Rio 2016 Olympics Unsung Heroes: Trampoline silver medallist Bryony Page
Among the gold rush at Rio 2016, several achievements appeared to fly somewhat under the radar. In a new series, Sports Gazette will feature numerous members of TeamGB who deserved more coverage.
Friday 12th August: 15:51 - In just 30 bounces, Bryony Page put trampolining on the map.
A slick final routine saw her score 56.040 to clinch an historic silver medal and finish just 0.425 behind defending champion Rosie MacLennan in the trampoline final.
It was the culmination of quite a journey from a back garden in the heart of the Cheshire countryside to the Rio Olympic Arena.
Speaking exclusively to Sports Gazette, she said: "I was just so happy because I had dreamed of winning an Olympic medal and I couldn't believe it was becoming a reality.
"I just kept thinking I've actually done this!"
A notoriously unforgiving sport, the G-forces trampolinists have to contend with are the same as an F1 driver and even being just a millimetre off balance on take-off can ruin a routine before it’s even begun.the G-forces trampolinists have to contend with are the same as an F1 driver”
However, Page's determination and passion shone through, especially taking into consideration the hurdles she has had to overcome.
Given the ease and elegance with which Page executed a difficult voluntary routine containing two triple somersaults, it's hard to believe that just a few years back she suffered a serious episode of the yips (sudden and unexpected loss of fine motor skills) and had to return to remaster the simplest of skills.
Combined with the disappointment of missing London 2012 through injury and fourth place finishes in both the European and World Championships, Page’s disbelief at winning an Olympic medal was both palpable and understandable as she collapsed to the ground overcome with emotion.
Despite having enjoyed success on the domestic and international circuits for years, Page was one of the surprise medallists in Team GB’s record-breaking haul and she soaked up the atmosphere in the athletes’ village.
She said: “It was so inspiring and exciting to see so many people do well in their competition and bring back medals!
“Every time I saw an athlete I had watched on TV at previous Olympics, it reminded me that I was now becoming an Olympian and that is something I have wanted for a very long time.”
However, the 25-year-old definitely won't rest on her laurels and sees this as just another successful stage in her career.
Currently out of action until the new year after undergoing a minor ankle operation, she is keeping herself motivated with plans to up the difficulty of her routines with some daring new moves and combinations.
She could even challenge Samantha Smith’s world record for the highest difficulty voluntary routine (ten moves of your choice) performed in a competition and become one of just a handful of women to complete three triple somersaults in a routine.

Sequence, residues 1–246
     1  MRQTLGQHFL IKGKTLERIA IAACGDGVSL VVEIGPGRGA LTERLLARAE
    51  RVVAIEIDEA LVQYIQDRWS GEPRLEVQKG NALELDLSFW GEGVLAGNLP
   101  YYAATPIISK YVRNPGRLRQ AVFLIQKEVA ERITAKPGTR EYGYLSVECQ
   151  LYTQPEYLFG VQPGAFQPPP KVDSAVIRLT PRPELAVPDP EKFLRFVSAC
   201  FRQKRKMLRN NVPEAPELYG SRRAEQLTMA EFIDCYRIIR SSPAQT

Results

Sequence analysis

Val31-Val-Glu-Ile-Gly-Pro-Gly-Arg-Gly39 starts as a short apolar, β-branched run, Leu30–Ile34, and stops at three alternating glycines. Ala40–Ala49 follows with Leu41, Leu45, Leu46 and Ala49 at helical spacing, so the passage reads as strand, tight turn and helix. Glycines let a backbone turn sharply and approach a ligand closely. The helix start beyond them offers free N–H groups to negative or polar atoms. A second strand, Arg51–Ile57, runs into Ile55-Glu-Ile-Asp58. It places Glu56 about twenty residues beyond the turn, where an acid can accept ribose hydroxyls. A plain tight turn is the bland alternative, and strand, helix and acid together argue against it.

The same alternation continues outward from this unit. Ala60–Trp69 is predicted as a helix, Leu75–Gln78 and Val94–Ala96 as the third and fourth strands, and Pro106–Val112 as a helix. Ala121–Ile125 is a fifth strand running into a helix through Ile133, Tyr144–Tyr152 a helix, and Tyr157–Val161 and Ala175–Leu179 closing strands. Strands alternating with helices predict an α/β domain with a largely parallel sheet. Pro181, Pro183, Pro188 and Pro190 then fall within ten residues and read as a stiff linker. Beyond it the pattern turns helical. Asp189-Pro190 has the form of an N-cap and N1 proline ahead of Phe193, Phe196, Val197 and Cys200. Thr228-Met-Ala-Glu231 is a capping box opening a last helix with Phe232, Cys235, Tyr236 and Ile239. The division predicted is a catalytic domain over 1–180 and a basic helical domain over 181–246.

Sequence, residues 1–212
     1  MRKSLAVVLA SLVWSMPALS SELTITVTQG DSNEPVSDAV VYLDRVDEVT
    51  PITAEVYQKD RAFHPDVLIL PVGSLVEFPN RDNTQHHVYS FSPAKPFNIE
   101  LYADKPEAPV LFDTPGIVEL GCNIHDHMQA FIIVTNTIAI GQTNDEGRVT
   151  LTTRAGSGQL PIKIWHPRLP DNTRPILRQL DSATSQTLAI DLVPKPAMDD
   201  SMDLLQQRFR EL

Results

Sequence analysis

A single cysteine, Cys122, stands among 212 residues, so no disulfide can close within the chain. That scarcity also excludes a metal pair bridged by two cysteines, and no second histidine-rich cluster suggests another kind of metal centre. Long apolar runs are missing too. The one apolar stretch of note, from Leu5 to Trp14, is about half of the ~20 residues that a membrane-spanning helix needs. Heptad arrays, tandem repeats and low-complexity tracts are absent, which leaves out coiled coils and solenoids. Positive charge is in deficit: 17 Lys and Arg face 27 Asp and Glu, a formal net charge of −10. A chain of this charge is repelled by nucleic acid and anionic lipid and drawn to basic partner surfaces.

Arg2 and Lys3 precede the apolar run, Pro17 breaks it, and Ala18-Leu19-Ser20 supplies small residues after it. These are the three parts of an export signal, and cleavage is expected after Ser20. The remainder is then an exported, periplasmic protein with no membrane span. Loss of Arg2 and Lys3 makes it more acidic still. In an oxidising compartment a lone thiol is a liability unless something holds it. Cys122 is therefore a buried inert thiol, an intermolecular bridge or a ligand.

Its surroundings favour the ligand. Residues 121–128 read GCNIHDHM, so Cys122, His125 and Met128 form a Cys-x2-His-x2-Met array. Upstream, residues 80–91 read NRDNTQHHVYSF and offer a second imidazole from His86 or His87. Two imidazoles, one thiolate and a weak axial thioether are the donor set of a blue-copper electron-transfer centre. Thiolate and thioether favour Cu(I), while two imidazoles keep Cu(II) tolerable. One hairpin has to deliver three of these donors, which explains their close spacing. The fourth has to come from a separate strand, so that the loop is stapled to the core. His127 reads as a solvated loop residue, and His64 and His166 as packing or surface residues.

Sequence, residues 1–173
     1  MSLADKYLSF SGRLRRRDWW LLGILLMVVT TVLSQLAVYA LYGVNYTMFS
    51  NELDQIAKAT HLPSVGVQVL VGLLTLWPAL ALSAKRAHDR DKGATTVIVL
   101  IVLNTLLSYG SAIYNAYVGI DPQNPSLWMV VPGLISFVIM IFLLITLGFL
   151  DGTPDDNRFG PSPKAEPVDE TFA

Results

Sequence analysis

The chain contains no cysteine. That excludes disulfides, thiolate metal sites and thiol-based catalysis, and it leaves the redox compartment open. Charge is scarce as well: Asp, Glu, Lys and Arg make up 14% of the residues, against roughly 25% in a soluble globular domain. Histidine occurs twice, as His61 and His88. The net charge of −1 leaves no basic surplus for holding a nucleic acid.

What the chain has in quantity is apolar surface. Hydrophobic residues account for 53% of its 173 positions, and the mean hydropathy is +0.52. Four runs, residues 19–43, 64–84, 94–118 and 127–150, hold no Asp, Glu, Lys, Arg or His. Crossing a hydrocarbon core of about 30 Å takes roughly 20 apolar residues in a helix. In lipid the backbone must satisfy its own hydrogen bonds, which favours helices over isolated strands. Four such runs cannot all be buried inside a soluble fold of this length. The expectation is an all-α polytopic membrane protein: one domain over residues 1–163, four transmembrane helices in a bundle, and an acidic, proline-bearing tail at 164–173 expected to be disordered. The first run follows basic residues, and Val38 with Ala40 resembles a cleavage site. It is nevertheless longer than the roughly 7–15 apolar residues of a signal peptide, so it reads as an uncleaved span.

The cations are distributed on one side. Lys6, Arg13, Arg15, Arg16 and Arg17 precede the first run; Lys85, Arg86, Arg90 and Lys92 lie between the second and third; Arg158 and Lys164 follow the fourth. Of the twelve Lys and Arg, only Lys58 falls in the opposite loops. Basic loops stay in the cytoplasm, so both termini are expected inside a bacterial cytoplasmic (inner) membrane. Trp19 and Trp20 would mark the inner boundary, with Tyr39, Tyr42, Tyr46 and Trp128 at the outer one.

She said: “I want to push myself to learn some new skills such as multiple twisting triple somersaults and linking some of my harder skills into my routines.
“For me, pushing my boundaries and exceeding my limits is what I am looking forward to the most in the next few years."
Coached by Paul Greaves, who himself has been honoured with prestigious accolades including the esteemed Master Coach award (the highest recognition a coach can gain from a National Governing Body), Page could spring into the headlines once again at upcoming European and World Championships.
Admitting that she is still learning about mastering her nerves after 16 years of competition – either by using breathing techniques or switching her mental focus – Page credits one particular piece of her coach’s advice with helping reduce the impact of any pressures.
She said: "The best piece of advice and the reason why I get on with Paul so much is that we both understand that the ultimate reason I continue to trampoline is because I enjoy the feeling of being in the air and spinning around.
"I am passionate the sport and about improving myself.
"His advice to me is to always remember why I do the sport – because I love it.
"It takes away any pressures I may be feeling and I get to focus on what is important and what is fun!"
With a boundless and infectious enthusiasm for trampolining - the biology graduate is convinced she'll still be involved when she's old and with a walking stick - Page plans to make the most of the post-Rio media attention to promote the sport.
She said: "Gymnastics and trampolining are both amazingly fun sports that are also a great way to keep fit and healthy.
"It would be great to see adults taking up the sport for fun and fitness just as much as it would be seeing youngsters getting involved and one day becoming Olympians themselves!"
Inspired herself by Irina Karavaeva, the first female Olympic trampoline champion, perhaps the next Bryony Page has just signed up to a trampolining club near you...